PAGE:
Daisuke Matsuzaka: Time for Dice-K and the Boston Red Sox To Cut Ties

Tucker SilvaContributor IApril 12, 2011

Daisuke Matsuzaka's days may be numbered with the Red Sox
Daisuke Matsuzaka's days may be numbered with the Red SoxJared Wickerham/Getty Images

Daisuke Matsuzaka’s outing last night against the Tampa Bay Rays, as well as his tenure with the Boston Red Sox, can be summed up in one word: baffling.

Within the blink of an eye, the score soared to 7-0 in favor of the 2-8 Rays. With only 45 pitches thrown, the majority served up like batting practice, Dice-K left the mound to a chorus of boos throughout Fenway Park.

"He came out in the first inning and threw a lot of strikes," Red Sox manager Terry Francona said. “We got into the second, and everything went to the middle of the plate. There was one walk, but seven balls were hit right on the barrel. You love when guys throw strikes, but there were balls that were middle middle for seven hitters."

Francona’s reputation for defending his players was clearly not upheld after the game last night. What else can be said?

Dice-K was dreadful.

What’s more frustrating is that he didn’t build upon Josh Beckett’s masterful performance against the rival Yankees. Not even a glimpse of competitiveness.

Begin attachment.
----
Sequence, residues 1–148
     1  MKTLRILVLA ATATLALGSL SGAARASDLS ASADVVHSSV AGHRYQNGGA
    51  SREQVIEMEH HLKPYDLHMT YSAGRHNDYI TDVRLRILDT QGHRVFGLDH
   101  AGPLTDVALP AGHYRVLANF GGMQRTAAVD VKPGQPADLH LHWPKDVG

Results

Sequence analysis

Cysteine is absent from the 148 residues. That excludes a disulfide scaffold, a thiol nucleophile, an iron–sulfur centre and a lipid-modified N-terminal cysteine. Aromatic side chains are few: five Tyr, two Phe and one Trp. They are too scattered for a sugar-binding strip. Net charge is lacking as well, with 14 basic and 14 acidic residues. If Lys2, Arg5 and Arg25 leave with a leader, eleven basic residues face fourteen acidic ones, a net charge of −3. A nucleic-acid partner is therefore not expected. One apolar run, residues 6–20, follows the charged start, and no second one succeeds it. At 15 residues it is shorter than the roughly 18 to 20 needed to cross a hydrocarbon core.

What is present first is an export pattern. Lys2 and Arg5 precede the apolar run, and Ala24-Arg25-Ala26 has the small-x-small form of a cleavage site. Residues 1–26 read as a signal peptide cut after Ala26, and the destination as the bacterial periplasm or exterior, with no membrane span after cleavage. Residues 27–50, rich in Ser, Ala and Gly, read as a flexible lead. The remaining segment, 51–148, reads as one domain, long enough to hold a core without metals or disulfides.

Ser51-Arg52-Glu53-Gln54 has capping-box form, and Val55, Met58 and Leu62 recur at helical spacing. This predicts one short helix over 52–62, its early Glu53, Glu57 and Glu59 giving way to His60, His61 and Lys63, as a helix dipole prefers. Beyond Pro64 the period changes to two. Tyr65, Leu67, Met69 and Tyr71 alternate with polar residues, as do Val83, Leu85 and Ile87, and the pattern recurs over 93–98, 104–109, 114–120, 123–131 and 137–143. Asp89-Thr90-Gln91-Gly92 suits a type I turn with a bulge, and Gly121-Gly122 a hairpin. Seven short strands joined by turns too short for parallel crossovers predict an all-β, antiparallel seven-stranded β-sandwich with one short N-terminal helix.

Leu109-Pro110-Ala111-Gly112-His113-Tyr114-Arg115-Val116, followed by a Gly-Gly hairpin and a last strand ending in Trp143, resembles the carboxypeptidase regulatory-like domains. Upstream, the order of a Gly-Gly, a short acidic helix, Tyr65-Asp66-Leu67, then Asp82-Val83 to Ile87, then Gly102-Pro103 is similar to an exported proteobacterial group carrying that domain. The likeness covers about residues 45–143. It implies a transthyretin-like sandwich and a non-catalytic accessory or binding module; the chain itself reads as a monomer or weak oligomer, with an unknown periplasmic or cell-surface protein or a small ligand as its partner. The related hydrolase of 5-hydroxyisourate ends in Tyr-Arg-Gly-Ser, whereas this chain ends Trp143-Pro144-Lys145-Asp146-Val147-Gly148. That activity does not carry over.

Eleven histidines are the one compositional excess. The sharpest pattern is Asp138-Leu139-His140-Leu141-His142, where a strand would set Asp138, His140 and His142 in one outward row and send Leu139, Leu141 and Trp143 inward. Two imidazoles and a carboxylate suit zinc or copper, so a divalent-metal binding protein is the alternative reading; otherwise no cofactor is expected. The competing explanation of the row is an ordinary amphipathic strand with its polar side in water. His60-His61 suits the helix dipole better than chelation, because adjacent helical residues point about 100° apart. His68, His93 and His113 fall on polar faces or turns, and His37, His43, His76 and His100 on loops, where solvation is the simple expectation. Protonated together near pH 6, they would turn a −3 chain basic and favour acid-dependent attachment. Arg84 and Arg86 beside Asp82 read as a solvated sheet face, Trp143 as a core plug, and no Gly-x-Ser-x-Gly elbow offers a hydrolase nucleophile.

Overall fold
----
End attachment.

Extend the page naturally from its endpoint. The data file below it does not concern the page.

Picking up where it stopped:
During his Red Sox career, batters have hit .349 (90 for 258) with 15 home runs and 21 doubles on Matsuzaka’s first pitch. This season? Opponents swinging on his first pitch are batting .750 (6 for 8), with two homers and eight RBI.

Predictable, to say the least.

Entering his fifth year with Boston, patience is running thin with both Red Sox Nation and management. Even though we are only 10 games into the season, panic has risen surrounding Matsuzaka.

Throughout his career with the Red Sox, controversy continuously developed regarding the altering of his workouts in between starts and limiting his pitch counts. Entering the 2011 season, new pitching coach Curt Young has loosened the noose, letting Matsuzaka take a step back to his old routine.

At this point, it’s too late for adjustments in his game. Given his strong history of inconsistencies, Dice-K is no longer an effective pitcher in the MLB.

Quite frankly, any in-house candidate would be a better alternative than Matsuzaka. Tim Wakefield, Felix Doubront or former Yankee Alfredo Aceves are the likeliest candidates to take the reins as the fifth starter.

The Red Sox also could explore the trade market. I would be shocked if they didn’t attempt to shop Matsuzaka at the end of the season. However, this task would seem to be nearly impossible simply because he has minimal value, not to mention a no-trade clause.

Similar to Julio Lugo, the Red Sox need to admit their mistake and eat the remaining money on Dice-K’s contract. It won’t happen tomorrow, but after his next poor outing, it very well may.

"The best way to be a good player is to be consistent," said Francona. "You can have some bad nights, but there are a lot of nights where you don't quite know what's going to happen.”

It’s safe to say at this point that we do know what’s going to happen.

Tucker Silva is a contributor for Bleacher Report. Unless otherwise noted, all quotes were obtained first-hand or from official interview materials from 98.5 The Sports Hub WBZ-FM.